Most summers if you go to the University of Winnipeg on a certain Friday in the summer you will see around 500 kids trying new sports. They might be the in gym at the Duckworth Centre or in the new RecPlex playing on the fields or playing low organized games outside. The day is Sports Day which is both my eternal nightmare and the work of the Newcomer Youth Education Support Services (there is no actual website for the organization). The group helps newcomer youth to the city through academic summer programming (for free) and the five groups under the umbrella organization usually meet up twice with all the students: once for Sports Day and once for Final Night.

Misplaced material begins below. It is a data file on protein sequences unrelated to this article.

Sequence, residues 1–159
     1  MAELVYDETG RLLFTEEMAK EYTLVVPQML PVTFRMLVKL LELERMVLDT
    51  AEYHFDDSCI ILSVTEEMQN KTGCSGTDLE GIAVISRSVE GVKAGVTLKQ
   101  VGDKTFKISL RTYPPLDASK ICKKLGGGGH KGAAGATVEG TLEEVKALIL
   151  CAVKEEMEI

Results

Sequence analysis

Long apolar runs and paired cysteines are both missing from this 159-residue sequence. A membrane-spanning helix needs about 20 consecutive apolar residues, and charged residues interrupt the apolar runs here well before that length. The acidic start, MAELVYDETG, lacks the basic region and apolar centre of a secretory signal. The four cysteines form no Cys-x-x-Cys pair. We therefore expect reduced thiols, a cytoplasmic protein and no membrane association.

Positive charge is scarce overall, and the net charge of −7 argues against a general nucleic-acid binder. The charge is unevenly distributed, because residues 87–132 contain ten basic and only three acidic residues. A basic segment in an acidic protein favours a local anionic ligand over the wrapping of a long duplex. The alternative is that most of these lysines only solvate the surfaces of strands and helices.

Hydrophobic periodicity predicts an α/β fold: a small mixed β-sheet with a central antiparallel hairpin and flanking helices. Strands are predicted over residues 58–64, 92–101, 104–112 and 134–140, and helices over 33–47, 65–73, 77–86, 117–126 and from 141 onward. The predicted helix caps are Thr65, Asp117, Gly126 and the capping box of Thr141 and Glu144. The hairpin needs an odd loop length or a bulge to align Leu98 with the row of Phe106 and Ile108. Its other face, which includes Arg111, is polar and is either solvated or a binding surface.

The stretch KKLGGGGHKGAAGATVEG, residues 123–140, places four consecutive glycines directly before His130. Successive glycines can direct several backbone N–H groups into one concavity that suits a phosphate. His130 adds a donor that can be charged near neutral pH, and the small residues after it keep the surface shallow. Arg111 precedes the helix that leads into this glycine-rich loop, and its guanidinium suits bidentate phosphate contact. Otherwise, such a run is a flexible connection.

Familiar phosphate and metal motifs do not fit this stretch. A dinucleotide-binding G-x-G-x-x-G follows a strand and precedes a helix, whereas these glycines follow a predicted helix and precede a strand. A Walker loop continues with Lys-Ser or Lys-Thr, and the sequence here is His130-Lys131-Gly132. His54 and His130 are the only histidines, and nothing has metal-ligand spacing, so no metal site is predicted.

Sports Day is stressful, but is also a day where newcomers make new friends, play new sports, and practice lifelong skills like co-operation. More than that, you see kids who lived their whole lives in refugee camps be able to play soccer on a beautifully maintained indoor field or learn how to play football for the first time.
Sports do not make me cry. I am a heartless robot. But usually for one day a year the stress around sports is making sure everyone is fed, no one gets hurt (LOL) and that everyone has fun. Sports are something that bring people together regardless of what language they speak or where they are from. They help us find commonalities between us and celebrate out differences and similarities. Sports don’t make me cry, but they remain a powerful force around us.